Education Does Not Match Available Jobs

Written by | Friday, June 20th, 2014
@Eubulletin

Almost a quarter of EU nationals think that their education and training did not provide them with the skills needed to succeed in the EU labor market and that available jobs simply do not match their qualifications, Eurobarometer says. The survey also reveals that about 6 percent of respondents admitted that they had tried to work or study in another member state but their qualifications had not been recognized by a prospective employer or educational institution. EU Commissioner for Education, Culture, and Multilingualism and Youth, Androulla Vassilou, said that the objective of the Commission was to make it possible for everyone to have their qualifications recognized across the EU. As the Commissioner put it, “qualifications must be recognized in a fair, transparent, and comparable way so that they enhance possibilities of EU citizens in the labor market”.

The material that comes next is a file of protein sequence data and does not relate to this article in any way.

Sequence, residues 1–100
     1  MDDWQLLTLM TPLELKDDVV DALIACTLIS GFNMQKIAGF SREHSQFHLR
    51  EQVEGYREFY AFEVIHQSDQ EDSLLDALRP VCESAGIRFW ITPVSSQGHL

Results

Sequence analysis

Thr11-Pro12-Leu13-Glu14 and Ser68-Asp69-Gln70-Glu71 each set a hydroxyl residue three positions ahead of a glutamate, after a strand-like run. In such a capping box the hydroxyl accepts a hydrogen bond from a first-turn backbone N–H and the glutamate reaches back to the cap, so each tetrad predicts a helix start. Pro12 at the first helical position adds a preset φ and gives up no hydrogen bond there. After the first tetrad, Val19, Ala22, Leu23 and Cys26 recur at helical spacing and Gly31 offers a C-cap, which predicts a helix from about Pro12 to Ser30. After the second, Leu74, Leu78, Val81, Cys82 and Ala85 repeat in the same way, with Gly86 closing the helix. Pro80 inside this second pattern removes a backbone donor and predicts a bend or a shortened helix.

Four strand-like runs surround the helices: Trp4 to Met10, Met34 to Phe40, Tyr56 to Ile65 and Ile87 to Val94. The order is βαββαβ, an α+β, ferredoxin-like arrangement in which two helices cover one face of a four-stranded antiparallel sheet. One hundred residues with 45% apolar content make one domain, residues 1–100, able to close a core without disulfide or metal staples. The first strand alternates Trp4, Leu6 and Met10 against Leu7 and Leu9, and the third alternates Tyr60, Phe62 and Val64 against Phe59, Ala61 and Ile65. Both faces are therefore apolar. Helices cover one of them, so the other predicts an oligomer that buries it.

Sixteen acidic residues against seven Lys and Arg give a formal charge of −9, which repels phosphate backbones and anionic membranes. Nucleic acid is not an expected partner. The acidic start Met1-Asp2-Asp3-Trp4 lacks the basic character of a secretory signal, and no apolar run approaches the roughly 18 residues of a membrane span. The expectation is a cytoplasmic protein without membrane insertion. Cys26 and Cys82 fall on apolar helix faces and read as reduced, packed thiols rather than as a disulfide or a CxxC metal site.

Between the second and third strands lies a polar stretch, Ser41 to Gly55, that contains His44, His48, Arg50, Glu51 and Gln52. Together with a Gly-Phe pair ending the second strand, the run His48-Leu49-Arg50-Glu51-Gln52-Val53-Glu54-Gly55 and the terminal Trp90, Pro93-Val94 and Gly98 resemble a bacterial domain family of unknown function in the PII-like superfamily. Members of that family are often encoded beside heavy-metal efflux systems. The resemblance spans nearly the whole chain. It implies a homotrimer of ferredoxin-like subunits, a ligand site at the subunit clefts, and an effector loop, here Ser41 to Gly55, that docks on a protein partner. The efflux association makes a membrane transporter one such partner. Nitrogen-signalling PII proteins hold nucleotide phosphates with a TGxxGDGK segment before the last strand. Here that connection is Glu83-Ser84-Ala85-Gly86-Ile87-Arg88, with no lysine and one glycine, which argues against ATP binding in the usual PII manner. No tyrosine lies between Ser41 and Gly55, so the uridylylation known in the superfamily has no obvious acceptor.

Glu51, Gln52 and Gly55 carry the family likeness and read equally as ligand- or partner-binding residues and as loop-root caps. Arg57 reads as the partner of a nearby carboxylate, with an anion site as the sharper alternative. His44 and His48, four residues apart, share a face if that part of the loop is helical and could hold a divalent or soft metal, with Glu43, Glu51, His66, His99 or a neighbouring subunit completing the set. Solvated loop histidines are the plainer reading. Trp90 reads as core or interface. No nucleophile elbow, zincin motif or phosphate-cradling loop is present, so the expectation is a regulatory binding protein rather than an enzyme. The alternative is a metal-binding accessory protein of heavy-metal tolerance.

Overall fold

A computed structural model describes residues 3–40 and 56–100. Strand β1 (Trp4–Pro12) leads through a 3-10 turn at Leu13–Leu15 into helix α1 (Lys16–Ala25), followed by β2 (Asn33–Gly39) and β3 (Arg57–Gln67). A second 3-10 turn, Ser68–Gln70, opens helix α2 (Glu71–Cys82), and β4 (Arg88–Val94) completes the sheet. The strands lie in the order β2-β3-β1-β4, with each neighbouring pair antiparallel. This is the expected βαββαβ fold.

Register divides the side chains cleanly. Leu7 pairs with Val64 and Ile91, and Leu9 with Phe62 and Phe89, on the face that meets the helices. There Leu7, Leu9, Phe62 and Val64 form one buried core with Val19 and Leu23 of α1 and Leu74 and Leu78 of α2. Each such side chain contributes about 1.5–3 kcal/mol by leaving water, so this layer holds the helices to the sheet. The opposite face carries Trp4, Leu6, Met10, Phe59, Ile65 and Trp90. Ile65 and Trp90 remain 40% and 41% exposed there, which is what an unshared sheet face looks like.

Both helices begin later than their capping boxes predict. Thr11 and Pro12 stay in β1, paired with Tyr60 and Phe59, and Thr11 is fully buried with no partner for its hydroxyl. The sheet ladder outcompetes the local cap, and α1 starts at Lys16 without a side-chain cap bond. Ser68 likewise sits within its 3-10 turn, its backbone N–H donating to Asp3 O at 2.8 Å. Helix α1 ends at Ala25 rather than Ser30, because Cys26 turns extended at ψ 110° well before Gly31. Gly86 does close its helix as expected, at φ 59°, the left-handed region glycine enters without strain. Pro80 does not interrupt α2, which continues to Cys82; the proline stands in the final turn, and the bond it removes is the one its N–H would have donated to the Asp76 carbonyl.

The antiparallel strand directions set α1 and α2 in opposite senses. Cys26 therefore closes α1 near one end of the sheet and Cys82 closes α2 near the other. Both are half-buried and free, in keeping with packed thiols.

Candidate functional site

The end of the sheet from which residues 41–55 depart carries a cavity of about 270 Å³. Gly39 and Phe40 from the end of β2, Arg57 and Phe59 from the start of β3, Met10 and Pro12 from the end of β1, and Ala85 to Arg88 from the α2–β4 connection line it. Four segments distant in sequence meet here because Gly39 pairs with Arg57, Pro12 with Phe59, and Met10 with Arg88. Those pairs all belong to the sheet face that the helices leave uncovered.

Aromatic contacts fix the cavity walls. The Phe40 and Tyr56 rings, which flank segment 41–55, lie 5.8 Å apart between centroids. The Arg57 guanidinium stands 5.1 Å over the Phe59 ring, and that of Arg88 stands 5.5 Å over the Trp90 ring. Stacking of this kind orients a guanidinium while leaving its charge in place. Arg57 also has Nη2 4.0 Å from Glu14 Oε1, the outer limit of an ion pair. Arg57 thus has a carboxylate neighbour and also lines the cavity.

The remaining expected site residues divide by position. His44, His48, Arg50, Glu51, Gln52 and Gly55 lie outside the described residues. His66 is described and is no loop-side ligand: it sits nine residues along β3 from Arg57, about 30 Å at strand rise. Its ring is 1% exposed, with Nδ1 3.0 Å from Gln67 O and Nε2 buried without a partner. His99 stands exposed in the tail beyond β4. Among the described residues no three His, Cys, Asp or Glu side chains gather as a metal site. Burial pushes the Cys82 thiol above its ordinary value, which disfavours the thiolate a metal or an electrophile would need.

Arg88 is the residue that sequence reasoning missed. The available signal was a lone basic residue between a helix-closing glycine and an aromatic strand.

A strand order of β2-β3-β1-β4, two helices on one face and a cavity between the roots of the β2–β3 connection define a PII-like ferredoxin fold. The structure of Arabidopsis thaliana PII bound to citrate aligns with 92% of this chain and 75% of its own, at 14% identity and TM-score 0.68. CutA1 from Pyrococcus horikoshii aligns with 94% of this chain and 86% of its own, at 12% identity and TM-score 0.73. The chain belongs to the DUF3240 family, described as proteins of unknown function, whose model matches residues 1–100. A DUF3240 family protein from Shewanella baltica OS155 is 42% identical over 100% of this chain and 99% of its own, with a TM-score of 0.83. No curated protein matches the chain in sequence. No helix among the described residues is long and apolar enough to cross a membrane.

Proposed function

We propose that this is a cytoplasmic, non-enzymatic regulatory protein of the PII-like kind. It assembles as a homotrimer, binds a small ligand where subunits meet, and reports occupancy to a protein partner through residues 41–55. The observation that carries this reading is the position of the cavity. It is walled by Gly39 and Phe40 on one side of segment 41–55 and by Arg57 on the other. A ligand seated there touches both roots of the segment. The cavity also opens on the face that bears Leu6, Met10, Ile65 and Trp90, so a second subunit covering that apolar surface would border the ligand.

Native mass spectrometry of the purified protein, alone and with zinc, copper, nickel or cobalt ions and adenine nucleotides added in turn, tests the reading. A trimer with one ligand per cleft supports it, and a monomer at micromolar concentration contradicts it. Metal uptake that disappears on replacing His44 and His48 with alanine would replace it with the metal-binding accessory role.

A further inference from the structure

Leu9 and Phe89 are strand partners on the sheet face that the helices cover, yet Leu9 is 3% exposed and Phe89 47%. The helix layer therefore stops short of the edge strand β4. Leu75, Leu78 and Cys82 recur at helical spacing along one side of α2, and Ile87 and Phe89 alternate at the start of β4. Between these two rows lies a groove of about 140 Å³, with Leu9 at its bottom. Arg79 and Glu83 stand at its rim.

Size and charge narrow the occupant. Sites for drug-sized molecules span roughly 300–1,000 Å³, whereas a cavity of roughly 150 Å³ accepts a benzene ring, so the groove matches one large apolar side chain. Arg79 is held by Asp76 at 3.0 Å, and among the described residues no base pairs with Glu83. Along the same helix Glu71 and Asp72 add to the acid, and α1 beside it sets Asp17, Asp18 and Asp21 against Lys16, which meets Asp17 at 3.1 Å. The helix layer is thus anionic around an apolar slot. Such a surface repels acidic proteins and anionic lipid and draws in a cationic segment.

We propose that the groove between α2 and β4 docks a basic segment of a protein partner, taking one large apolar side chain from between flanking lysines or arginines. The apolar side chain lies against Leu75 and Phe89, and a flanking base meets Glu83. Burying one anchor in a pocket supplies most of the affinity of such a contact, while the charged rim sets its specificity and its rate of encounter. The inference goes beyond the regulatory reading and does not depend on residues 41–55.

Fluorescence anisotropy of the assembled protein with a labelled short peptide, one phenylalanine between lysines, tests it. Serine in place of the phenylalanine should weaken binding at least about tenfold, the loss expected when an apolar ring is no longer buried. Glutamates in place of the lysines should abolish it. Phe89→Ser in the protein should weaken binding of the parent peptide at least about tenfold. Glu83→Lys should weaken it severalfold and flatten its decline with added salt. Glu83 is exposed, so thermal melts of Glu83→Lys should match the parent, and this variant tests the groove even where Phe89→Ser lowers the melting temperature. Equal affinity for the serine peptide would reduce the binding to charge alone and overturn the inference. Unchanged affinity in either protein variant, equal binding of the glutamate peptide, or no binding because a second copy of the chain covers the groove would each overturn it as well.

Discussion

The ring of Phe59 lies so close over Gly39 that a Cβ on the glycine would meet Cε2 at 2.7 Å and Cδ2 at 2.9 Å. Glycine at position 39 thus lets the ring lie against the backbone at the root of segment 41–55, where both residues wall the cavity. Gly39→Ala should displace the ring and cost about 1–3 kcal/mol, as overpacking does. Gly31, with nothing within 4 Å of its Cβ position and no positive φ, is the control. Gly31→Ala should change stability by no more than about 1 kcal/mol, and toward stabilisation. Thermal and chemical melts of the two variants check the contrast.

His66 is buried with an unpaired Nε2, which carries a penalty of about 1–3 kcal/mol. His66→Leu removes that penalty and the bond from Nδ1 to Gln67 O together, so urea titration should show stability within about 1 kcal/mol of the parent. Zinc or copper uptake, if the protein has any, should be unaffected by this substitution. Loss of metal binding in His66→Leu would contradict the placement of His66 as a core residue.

The results of the Eurobarometer reflect also an independent online consultation of the Commission with training and education experts. The consultation revealed that there was a strong support for action to simplify EU measures for recognizing skills and qualifications. Respondents suggested that qualifications should be easier to use and more coherent as well as focus on the needs of employers, workers, and students. The Commission admitted that the ongoing execution of the current initiatives on qualifications, education, and jobs has been rather slow in member states. The Commission said that there remain to be many hurdles to education and working mobility, and the existing projects and options are not very flexible in adapting to development in digital learning and “internationalization” (student mobility between EU and non-EU countries, joint degrees awarded by universities in different countries). The Eurobarometer interviewed 28,000 people coming from different social, demographic, and income groups. The research was carried out all 28 member states between 26 April and 11 May.

Article Categories:
ECONOMY & TRADE

Leave a Comment

Your email address will not be published. Required fields are marked *

Menu Title